From Wikipedia for FEVERv2
Jump to navigation Jump to search

This article is about the structure in insects. Tymbal_sentence_0

For the musical instrument, see Timbal. Tymbal_sentence_1

The tymbal (or timbal) is the corrugated exoskeletal structure used to produce sounds in insects. Tymbal_sentence_2

In male cicadas, the tymbals are membranes in the abdomen, responsible for the characteristic sound produced by the insect. Tymbal_sentence_3

In tiger moths, the tymbals are modified regions of the thorax, and produce high-frequency clicks. Tymbal_sentence_4

In lesser wax moths the left and right tymbals emit high frequency pulses that are used as mating calls. Tymbal_sentence_5

The paired tymbals of a cicada are located on the sides of the abdominal base. Tymbal_sentence_6

The "singing" of a cicada is not stridulation as in many other familiar sound-producing insects like crickets (where one structure is rubbed against another): the tymbals are regions of the exoskeleton that are modified to form a complex membrane with thin, membranous portions and thickened "ribs". Tymbal_sentence_7

These membranes vibrate rapidly, and enlarged chambers derived from the tracheae enable the cicada's body to be a resonance chamber, greatly amplifying the sound. Tymbal_sentence_8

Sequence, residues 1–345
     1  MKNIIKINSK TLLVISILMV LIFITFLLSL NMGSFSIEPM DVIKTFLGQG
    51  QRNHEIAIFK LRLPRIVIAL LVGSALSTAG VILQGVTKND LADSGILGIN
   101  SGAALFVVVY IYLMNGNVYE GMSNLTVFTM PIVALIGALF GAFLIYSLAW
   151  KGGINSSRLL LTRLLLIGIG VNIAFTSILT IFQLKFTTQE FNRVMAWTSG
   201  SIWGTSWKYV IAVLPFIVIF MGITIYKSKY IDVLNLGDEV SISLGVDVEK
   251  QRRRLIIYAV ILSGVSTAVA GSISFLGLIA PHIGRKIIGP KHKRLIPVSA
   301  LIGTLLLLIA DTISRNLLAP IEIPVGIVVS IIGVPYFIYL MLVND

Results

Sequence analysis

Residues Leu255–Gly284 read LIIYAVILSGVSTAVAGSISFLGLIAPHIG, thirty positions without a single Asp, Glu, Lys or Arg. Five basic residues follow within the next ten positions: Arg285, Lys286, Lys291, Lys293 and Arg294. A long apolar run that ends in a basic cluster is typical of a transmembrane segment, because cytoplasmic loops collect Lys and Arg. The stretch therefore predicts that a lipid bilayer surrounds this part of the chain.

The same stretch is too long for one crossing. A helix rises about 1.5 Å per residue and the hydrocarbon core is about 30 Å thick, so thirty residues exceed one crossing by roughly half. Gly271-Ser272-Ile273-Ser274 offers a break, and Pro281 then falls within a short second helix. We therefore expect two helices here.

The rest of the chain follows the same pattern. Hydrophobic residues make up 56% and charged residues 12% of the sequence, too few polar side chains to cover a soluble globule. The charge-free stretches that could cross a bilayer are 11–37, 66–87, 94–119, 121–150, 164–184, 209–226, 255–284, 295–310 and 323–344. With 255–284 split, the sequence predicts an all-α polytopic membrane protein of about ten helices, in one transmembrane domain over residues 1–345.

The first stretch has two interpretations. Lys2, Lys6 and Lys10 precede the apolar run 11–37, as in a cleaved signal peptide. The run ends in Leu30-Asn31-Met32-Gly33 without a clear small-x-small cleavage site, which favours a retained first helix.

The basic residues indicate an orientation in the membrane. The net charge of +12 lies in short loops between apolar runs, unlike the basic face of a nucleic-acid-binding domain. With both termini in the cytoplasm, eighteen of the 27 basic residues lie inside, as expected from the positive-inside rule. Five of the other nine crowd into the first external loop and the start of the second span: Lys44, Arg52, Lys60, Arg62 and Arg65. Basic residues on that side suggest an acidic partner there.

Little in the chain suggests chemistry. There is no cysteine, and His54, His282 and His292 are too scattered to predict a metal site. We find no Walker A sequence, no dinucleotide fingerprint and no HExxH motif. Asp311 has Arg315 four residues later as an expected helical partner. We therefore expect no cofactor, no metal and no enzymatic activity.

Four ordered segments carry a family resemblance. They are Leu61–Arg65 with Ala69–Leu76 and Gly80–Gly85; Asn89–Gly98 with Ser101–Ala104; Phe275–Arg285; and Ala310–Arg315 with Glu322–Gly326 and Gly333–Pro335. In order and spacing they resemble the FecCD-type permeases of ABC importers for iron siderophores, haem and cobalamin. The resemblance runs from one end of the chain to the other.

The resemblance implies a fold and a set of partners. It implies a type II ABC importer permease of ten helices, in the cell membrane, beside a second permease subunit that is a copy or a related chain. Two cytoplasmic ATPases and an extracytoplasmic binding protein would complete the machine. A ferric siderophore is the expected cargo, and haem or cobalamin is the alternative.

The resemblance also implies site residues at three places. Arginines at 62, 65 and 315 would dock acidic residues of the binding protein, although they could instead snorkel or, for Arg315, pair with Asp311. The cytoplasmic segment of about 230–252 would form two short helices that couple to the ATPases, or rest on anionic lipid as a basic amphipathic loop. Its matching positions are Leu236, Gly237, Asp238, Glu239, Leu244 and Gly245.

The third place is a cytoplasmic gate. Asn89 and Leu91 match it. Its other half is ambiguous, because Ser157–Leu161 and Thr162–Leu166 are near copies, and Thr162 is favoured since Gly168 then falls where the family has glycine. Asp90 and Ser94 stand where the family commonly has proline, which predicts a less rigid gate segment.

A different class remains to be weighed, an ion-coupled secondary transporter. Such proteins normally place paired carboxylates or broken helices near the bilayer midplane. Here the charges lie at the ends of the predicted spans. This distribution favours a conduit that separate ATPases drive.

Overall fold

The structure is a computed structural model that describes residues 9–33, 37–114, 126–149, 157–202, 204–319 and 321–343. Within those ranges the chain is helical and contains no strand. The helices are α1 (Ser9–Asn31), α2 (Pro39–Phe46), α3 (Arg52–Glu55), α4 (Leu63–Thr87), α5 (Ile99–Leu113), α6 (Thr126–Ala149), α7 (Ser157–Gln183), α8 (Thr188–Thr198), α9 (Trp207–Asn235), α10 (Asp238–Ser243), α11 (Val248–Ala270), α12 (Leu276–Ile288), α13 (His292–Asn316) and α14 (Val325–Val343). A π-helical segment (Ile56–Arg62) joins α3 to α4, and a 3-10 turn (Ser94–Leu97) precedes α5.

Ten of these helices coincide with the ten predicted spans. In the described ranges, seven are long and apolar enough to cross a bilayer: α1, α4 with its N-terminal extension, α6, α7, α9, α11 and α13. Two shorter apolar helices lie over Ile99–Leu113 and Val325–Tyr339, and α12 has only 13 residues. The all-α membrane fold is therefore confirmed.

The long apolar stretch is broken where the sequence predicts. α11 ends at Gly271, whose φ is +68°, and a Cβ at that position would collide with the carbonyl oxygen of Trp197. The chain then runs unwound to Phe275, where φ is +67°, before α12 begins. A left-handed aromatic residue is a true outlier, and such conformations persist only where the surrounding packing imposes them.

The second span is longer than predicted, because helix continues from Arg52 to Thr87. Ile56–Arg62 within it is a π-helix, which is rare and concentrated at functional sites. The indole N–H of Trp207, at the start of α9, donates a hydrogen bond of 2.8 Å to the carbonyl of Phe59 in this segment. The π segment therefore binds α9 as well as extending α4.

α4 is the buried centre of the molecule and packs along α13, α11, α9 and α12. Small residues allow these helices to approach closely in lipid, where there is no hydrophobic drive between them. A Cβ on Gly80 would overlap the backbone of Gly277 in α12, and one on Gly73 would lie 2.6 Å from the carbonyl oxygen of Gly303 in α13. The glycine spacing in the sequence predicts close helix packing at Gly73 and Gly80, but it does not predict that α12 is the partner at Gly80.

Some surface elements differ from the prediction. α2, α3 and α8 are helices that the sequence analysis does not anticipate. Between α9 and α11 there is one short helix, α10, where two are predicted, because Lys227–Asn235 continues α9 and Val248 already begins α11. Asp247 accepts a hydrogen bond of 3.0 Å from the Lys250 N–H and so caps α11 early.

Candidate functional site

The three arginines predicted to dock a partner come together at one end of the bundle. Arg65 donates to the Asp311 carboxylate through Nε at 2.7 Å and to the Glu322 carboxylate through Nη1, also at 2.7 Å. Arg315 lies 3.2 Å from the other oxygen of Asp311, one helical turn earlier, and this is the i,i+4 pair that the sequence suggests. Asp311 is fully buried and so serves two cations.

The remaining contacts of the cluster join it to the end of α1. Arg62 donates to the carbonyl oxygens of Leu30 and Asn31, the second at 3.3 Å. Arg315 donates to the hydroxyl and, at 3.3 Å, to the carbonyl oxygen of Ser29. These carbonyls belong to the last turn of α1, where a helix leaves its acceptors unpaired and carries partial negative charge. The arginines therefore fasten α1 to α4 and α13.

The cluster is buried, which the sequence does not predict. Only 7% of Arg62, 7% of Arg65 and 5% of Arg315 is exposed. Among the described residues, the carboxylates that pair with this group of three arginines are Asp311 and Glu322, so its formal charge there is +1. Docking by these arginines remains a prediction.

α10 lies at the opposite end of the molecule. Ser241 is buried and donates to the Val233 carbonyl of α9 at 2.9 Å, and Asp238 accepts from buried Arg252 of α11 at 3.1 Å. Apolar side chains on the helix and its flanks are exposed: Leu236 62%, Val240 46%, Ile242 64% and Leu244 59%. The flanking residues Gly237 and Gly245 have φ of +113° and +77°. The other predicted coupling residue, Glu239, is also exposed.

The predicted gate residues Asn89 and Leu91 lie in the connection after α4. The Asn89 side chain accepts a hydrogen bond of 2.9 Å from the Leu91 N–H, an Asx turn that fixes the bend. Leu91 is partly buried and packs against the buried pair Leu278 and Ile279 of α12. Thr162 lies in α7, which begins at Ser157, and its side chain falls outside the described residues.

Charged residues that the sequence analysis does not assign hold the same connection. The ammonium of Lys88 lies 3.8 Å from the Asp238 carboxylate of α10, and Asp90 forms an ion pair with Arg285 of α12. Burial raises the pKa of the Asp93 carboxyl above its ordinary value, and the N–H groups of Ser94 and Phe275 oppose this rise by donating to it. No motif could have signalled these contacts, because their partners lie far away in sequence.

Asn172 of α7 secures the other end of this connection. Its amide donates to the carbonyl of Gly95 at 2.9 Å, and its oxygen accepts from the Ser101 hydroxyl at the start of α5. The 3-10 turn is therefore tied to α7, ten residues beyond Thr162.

Some cicadas produce sounds louder than 106 dB (SPL), among the loudest of all insect-produced sounds. Tymbal_sentence_9

They modulate their noise by positioning their abdomens toward or away from the substrate. Tymbal_sentence_10

The tymbals of a tiger moth are specialized regions on the metathoracic episterna, normally corrugated such that sound is produced when the entire tymbal surface is buckled by muscular contraction and then released, producing a series of extremely rapid "clicks" as the corrugations flex back into place. Tymbal_sentence_11

These sounds are only occasionally audible to humans, and are used in both acoustic aposematism (the moths are advertising to bats that they are toxic), and as mating signals. Tymbal_sentence_12

A recent study demonstrates that these sounds are used by some moths to "jam" the sonar of moth-eating bats. Tymbal_sentence_13

Credits to the contents of this page go to the authors of the corresponding Wikipedia page: en.wikipedia.org/wiki/Tymbal.